Slip op. at 13-14. The court concludes that “service members of ordinary intelligence have fair notice of what is prohibited . . . that one who engages in sexual intercourse with another who is unconscious due to alcohol intoxication could be prosecuted if the individual who initiated the sexual act knew, or should have known, that the other person was unconscious.” Slip op. at 14 (marks and citations omitted).

The court interprets the equal protection as a claim of selective prosecution, and rejects it:

Assuming arguedo that the appellant’s claim is even justiciable because the sovereign that elected to prosecute the appellant would have no jurisdiction over AM, this argument is without merit. First, the appellant has failed to meet his required burden of showing discriminatory intent. United States v. Hagen, 25 M.J. 78, 84 (C.M.A. 1987). Second, courts are particularly “ill-suited to . . . review” prosecutorial decisions. Wayte v. United States, 470 U.S. 598, 607 (1985). Third, we presume that the CA acted in good faith in his decision to refer charges following the recommendation of the Article 32, UCMJ, investigating officer and the Article 34, UCMJ, pretrial advice recommendation from his staff judge advocate. See United States v. Masucock, 1 C.M.R. 32, 35 (C.M.A. 1951) (noting that there is a long-standing legal presumption of “regularity in the conduct of governmental affairs”); see also Hagen, 25 M.J. at 84 (holding that within context of allegation of vindictive prosecution by a CA, “[t]here is a strong presumption that the convening authority performs his duties as a public official without bias”). We find no discriminatory effect or purpose associated with Article 120(b)(3), UCMJ, generally, or with the decision specifically to prosecute the appellant for sexually assaulting AM. It was, after all, the appellant who initiated sexual intercourse with the unconscious AM. Accordingly, the appellant has not met his burden of establishing error, let alone plain and obvious error.

Slip op. at 12. Notably, this isn’t the first time the NMCCA has addressed an argument along these lines. Sam wrote about the NMCCA’s consideration of United States v. Redmon, No. 201300077 (N-M. Ct. Crim. app. Jun. 26, 2014) (link to unpub. op.) in a post titled: NMCCA Addresses Selective Prosecution and Equal Protection in the Context of Sexual Assault.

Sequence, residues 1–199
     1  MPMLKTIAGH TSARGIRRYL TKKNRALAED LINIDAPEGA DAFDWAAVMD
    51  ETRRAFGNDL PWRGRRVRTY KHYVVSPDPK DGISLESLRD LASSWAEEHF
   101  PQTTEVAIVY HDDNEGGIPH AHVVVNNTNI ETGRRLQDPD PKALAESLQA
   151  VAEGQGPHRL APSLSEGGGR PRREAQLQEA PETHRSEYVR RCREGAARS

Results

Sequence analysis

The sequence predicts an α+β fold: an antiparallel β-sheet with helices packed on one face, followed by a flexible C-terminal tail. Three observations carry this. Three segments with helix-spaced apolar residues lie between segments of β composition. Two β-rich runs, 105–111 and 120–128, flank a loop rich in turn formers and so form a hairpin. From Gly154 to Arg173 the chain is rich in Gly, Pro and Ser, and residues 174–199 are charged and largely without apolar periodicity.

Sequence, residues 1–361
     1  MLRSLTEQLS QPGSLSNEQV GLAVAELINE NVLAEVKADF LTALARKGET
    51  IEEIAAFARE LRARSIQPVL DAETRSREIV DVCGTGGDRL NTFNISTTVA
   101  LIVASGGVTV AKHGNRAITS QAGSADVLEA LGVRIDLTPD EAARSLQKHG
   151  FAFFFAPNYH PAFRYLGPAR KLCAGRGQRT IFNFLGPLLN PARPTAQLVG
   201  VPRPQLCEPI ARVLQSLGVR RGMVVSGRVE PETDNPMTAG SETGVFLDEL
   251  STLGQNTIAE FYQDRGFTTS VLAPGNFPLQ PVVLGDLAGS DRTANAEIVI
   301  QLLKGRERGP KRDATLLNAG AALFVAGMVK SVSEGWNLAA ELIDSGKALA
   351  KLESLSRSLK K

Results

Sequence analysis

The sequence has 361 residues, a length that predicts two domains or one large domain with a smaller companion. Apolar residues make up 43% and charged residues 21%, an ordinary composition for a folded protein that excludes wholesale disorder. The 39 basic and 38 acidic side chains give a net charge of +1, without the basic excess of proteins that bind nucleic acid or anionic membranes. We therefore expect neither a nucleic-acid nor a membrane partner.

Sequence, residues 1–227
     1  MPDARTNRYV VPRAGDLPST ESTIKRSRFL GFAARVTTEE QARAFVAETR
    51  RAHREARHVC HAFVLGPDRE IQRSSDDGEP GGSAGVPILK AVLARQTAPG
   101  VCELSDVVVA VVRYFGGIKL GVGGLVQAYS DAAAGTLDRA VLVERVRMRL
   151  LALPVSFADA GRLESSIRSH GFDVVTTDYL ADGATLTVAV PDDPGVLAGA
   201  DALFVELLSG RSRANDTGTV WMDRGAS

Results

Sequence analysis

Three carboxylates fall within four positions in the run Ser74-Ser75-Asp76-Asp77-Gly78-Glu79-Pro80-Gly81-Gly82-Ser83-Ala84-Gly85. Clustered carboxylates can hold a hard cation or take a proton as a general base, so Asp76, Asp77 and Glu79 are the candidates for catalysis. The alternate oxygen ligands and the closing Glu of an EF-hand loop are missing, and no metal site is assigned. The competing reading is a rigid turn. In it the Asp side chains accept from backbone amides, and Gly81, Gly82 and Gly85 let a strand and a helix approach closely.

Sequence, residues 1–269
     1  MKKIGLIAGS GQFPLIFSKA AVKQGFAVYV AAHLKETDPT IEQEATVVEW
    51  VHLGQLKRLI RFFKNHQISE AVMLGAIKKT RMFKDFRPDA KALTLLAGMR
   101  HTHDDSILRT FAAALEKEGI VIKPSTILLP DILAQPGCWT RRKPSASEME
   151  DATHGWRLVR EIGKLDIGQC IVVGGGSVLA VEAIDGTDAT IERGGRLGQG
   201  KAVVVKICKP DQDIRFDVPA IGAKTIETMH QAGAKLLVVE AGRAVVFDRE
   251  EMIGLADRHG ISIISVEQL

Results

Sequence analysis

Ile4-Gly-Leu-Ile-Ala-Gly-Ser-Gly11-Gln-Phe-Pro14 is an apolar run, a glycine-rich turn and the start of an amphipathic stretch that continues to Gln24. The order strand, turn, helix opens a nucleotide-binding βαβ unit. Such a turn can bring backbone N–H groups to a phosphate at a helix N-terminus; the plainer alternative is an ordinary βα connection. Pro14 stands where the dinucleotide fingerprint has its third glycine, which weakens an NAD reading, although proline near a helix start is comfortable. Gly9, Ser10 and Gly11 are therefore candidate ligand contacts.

Lastly, the court considers a statement of the military judge when he gave special findings:

To reconcile the testimonial and scientific evidence, the military judge stated that he relied on “[his] common sense and [his] knowledge of human nature and the ways of the world.” Id. This was not error. First, the discussion portion to R.C.M. 918(c) instructs a finder of fact to “us[e] common sense and knowledge of human nature, and . . . weigh the credibility of witnesses.” Second, “ways of the world” assessment in evaluating evidentiary credibility has long been recognized within military law. See United States v. Frey, 73 M.J. 245, 250 (C.A.A.F. 2014) (holding that trial counsel’s argument to members during sentencing that they rely on “the ways of the world” to conclude that Frey would molest children in the future without any evidentiary predicate was improper but not prejudicial); see also United States v. Rivera, 54 M.J. 489, 492 (C.A.A.F. 2001) (holding that it was reasonable for members to rely on “common knowledge” to conclude that a punch to the stomach of “13-year-old . . . create[ed] a substantial risk of serious bodily injury”). Although Frey and Rivera were both members cases, we find no reason why the principles that members may use their common sense and ways of the world to assess the credibility of the evidence should not apply in equal measure in a military judge alone case.